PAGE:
Shelley Tremain points out that she follows Ian Hacking in finding charges of the genetic fallacy to be “insubstantial name-calling.” Historical methodologies, for Tremain and Hacking, are important. I am not against “historical methodologies” and there’s much I like in Hacking’s work but I do not think the genetic fallacy is always and everywhere “insubstantial name calling.” For instance, I once wrote that blaming Judeo-Christian views found in the Hebrew Bible for the “environmental crisis” was an instance of the genetic fallacy. In any case, I share Elster’s concerns with methodological issues in Foucault’s work, however otherwise indispensable. Disagreements on such matters are to be expected.

Should anyone want to get a taste, as it were, of some of the topics broached here, one could scroll through my blog posts at Religious Left Law (often cross-posted at Ratio Juris, but it’s more difficult to access them there):

Here is a short list of scholarly literature on this topic, with titles culled from my bibliographies for “Freudian psychoanalytic psychology” (secondary literature) and “Marxism and Freudian Psychology”:

• Alford, C. Fred. Melanie Klein & Critical Social Theory. New Haven, CT: Yale University Press, 1989.
• Balbus, Isaac D. Mourning and Modernity: Essays in the Psychoanalysis of Contemporary Society. New York: Other Press, 2005.
• Benjamin, Jessica. The Bonds of Love: Psychoanalysis, Feminism, and the Problem of Domination. New York: Pantheon Books, 1988.
• Burston, Daniel. The Legacy of Erich Fromm. Cambridge, MA: Harvard University Press, 1991.
• Burston, Daniel. The Crucible of Experience: R. D. Laing and the Crisis of Psychotherapy. Cambridge, MA: Harvard University Press, 2000.
• Chodorow, Nancy J. The Power of Feelings: Personal Meaning in Psychoanalysis, Gender, and Culture. New Haven, CT: Yale University Press, 1999.
• Danto, Elizabeth Ann. Freud’s Free Clinics: Psychoanalysis and Social Justice, 1918-1938. New York: Columbia University Press, 2005.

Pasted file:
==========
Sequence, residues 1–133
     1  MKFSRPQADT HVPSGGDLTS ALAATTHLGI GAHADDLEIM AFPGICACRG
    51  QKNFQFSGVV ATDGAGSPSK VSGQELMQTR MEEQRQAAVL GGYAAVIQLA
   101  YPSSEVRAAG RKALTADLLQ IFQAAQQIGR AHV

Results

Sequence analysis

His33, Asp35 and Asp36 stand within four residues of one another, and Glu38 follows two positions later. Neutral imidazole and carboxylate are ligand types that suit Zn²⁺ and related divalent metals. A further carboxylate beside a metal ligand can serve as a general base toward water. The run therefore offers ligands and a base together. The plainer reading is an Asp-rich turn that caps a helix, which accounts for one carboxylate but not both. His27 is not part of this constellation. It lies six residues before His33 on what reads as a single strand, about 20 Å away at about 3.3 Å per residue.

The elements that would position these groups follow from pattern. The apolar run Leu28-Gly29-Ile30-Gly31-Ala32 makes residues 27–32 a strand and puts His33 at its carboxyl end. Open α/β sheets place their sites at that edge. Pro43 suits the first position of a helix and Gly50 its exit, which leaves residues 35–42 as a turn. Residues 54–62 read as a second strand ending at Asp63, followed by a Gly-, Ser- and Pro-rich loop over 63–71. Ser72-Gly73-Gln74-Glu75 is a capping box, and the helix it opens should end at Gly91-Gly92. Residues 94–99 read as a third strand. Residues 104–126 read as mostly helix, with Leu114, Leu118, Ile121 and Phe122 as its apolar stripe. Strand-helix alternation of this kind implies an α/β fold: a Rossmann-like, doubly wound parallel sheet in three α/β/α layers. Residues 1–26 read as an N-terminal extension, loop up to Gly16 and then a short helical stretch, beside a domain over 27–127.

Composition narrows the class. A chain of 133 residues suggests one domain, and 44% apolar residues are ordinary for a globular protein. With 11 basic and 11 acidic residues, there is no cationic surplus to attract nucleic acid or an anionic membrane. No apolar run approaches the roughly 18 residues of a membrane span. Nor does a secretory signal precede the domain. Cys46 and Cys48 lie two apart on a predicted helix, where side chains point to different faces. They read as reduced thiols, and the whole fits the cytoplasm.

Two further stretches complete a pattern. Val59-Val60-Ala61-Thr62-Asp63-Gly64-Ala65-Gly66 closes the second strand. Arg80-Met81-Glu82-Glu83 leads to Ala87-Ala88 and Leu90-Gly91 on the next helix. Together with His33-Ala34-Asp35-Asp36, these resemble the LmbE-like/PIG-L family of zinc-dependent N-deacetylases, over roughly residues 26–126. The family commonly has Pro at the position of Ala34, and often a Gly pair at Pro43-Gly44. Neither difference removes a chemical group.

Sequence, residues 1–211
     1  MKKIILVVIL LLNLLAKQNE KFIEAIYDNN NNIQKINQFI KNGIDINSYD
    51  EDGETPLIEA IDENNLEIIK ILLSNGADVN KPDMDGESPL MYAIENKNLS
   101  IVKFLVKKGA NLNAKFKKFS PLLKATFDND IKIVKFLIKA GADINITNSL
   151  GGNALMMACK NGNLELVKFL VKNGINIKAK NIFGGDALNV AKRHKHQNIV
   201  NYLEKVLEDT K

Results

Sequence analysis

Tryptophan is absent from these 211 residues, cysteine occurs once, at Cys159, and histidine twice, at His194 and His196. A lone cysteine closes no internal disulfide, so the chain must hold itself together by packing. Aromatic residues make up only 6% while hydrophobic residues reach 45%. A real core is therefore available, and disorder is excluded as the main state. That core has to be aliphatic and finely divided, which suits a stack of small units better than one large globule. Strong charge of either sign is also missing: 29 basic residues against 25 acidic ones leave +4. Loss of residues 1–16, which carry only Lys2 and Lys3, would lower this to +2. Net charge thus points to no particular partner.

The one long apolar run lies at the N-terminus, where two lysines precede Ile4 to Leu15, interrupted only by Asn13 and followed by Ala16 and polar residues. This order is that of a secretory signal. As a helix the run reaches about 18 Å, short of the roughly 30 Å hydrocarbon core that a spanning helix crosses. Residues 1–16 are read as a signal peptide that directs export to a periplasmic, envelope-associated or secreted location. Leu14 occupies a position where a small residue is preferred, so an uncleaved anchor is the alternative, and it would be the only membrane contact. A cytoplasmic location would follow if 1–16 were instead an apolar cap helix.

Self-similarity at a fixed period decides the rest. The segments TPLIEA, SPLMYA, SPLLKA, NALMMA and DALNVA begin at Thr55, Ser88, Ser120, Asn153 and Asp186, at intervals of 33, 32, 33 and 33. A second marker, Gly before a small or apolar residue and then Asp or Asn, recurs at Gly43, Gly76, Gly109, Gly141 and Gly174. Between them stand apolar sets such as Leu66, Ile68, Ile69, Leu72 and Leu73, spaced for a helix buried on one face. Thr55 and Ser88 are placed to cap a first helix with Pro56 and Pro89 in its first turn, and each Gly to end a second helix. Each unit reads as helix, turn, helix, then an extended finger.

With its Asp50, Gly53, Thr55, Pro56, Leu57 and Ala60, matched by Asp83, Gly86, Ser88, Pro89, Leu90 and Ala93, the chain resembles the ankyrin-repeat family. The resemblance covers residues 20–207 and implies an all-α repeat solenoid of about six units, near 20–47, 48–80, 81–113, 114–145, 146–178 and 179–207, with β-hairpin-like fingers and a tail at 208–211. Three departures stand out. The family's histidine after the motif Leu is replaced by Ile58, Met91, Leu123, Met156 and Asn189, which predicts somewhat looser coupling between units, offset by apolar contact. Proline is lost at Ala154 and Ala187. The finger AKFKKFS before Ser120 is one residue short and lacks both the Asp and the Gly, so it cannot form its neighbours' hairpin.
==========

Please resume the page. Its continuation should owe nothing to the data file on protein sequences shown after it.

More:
• Friedman, Lawrence J. (assisted by Anke M. Schreiber). The Lives of Erich Fromm: Love’s Prophet. New York: Columbia University Press, 2013.
• Fromm, Erich (Barbara Weinberger, tr. and Wolfgang Bonss, ed.) The Working Class in Weimar Germany: A Psychological and Sociological Study. Cambridge, MA: Harvard University Press, 1984).
• Fuechtner, Veronika. Berlin Psychoanalytic: Psychoanalysis and Culture in Weimar Republic Germany and Beyond. Berkeley, CA: University of California Press, 2011.
• Gruen, Arno. The Insanity of Normality—Realism as Sickness: Toward Understanding Human Destructiveness. New York: Grove Weidenfeld, 1992.
• Jacoby, Russell. The Repression of Psychoanalysis: Otto Fenichel and the Political Freudians. New York: Basic Books, 1983.
• Lichtman, Richard. The Production of Desire: The Integration of Psychoanalysis into Marxist Theory. New York: Free Press, 1982.
• Robinson, Paul. The Freudian Left: Wilhelm Reich, Geza Roheim, Herbert Marcuse. Ithaca, NY: Cornell University Press, 1990 ed.
• Whitebrook, Joel. Perversion and Utopia: A Study in Psychoanalysis and Critical Theory. Cambridge, MA: MIT Press, 1995.
• Wolfenstein, Eugene Victor. Psychoanalytic-Marxism: Groundwork. London: Free Association Books/New York: Guilford Press, 1993.
• Zaretsky, Eli. Political Freud: A History. New York: Columbia University Press, 2015.